Summer 2023 was deadly for Arizona teens

Dozens of young people dying from gun violence
Summer 2023 was deadly for Arizona teens after dozens died from gun violence. Arizona's Family Investigative Reporter Morgan Loew explains.
Updated: Sep. 27, 2023 at 6:00 AM MST

PHOENIX (3TV/CBS 5) — Jeremiah Aviles was the football player everyone could count on. His teammates, his coaches and his mother say Jeremiah was a selfless friend and person.

“He was that one that you could depend on. That you could go to — a humble, amazing young man,” Jeremiah’s mother, Olga Lopez, said.

On May 6th, Jeremiah left his house to play video games at a teammate’s home. It was the last time Olga would see him alive. “I told him I loved him, and he said, ‘I love you too,’” she said. Jeremiah died after he was shot that night. The shooter was one of his teammates, according to Mesa police.

“After my son was shot and the 911 call was made, that’s where, immediately, the lies had already started,” Lopez said.

The number of children and teenagers who have died from gunshot violence in Arizona is rising dramatically, from 28 in 2015 to 56 in 2021. Firearms are now the leading cause of death for Arizona teens ages 15-17.

“We’ve reached a really grim milestone in this country, that guns are now the leading cause of death for children and teens — unthinkable not long ago. And now, sadly, a reality across the country,” said Nick Suplina, who is the senior vice president for law and policy at Everytown for Gun Safety. He says the increase in gun deaths coincides with a gun-buying spree among families just before and during the height of the pandemic. In community after community, home after home, Suplina says unsecured firearms have found their way into the hands of young people.

“It means unintentional shootings in the home, which are often by children, of children. It is teen suicide,” Suplina said. It has also resulted in more violent and deadly confrontations between young people at parties and on the street.

“We are seeing a huge number of cases of minors in possession of guns,” Maricopa County Attorney Rachel Mitchell said. A search of Arizona’s Family news archive reveals how deadly the summer was for teens in the Phoenix area.

Earlier in September, Giaginette Brown, who was 15 years old, was struck and killed by a stray bullet while sleeping in her own bed. In August, Brittany Gutierrez-Bugarin, who was 18 years old, was shot and killed in a road rage incident. A 16-year-old girl was shot and killed in Guadalupe in July. In June, Jacob Carlson, who was 18, was shot and killed in Gilbert.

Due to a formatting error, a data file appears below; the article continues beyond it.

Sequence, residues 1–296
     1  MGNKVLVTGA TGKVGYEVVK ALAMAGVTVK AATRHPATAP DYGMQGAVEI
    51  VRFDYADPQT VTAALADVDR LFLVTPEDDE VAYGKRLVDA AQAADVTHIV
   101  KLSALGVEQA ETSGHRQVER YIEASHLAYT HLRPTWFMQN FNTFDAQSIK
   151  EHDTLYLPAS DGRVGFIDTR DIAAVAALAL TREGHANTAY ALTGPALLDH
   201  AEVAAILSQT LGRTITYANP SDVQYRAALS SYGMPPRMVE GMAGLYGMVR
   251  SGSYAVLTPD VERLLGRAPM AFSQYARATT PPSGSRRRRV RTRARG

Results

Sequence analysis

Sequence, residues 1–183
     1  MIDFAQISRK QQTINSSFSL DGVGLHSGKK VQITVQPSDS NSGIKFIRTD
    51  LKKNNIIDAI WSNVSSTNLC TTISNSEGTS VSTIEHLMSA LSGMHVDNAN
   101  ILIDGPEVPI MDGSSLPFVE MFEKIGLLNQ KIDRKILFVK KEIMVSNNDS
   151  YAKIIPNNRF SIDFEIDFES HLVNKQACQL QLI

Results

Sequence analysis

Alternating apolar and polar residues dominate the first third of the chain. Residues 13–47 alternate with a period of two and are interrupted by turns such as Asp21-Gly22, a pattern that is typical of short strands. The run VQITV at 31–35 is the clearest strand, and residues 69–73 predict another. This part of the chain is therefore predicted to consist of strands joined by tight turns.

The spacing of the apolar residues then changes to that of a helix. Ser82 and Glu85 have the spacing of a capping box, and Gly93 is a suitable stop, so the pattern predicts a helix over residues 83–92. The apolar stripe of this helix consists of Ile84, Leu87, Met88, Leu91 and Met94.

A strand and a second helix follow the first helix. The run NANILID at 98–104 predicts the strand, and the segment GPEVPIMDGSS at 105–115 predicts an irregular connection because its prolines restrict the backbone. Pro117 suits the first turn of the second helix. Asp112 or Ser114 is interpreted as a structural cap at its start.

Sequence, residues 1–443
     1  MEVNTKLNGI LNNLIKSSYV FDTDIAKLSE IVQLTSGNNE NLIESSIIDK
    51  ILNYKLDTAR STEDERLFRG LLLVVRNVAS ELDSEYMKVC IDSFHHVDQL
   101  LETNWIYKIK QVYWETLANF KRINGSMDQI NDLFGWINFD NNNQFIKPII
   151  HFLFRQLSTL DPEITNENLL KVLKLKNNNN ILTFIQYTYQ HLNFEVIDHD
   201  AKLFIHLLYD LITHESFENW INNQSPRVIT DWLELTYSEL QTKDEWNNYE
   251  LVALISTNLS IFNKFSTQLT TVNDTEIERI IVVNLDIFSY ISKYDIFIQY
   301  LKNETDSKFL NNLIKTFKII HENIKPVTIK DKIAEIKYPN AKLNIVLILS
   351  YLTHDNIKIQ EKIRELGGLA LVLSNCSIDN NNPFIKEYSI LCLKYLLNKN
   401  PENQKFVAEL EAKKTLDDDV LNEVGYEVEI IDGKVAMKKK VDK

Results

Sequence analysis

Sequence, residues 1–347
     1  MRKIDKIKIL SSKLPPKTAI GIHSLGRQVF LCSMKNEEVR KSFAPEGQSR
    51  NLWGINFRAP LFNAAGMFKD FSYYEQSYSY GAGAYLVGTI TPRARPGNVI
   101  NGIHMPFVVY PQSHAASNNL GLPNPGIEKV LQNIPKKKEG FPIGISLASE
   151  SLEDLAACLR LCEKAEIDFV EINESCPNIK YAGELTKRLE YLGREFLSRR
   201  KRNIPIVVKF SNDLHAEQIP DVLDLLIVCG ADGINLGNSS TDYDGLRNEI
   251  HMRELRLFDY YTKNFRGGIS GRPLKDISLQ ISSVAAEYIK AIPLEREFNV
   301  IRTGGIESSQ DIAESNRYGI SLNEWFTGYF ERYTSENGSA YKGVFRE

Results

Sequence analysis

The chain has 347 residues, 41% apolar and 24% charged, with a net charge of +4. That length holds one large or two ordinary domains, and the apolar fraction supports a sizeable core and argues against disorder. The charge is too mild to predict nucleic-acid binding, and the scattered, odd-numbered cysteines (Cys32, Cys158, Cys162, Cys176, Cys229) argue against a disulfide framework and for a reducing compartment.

In May, three teenagers were killed. Desiree Rivas was shot and killed after leaving a party in Tolleson; Henry Almeida-Garcia was found shot to death in a north Phoenix park; And Jeremiah Aviles was killed in Mesa at the home of a teammate.

“This was someone that was his teammate,” Lopez said. “He felt he could trust him. He had been to his home to play video games before.” According to court paperwork, that teammate, whose name is Peter Clabron and another teammate initially blamed the shooting on someone else who was in the home. But they later admitted that the statement they gave to the investigators on the scene was false.

Police say they found videos on Clabron’s phone that show Clabron pointing a gun at Jeremiah several times prior to and leading up to the shooting. The defense team says the shooting was an accident. Prosecutors charged Clabron with manslaughter.

Olgal Lopez says police, school officials, coaches, and parents need to do a better job of warning young people about the dangers of gun violence.

“This is a real vivid example of the conversations we have to have with our children now,” Lopez said.

See a spelling or grammatical error in our story? Please click here to report it.

Do you have a photo or video of a breaking news story? Send it to us here with a brief description.

Do you have a story you want us to investigate? Tell us about it by contacting us.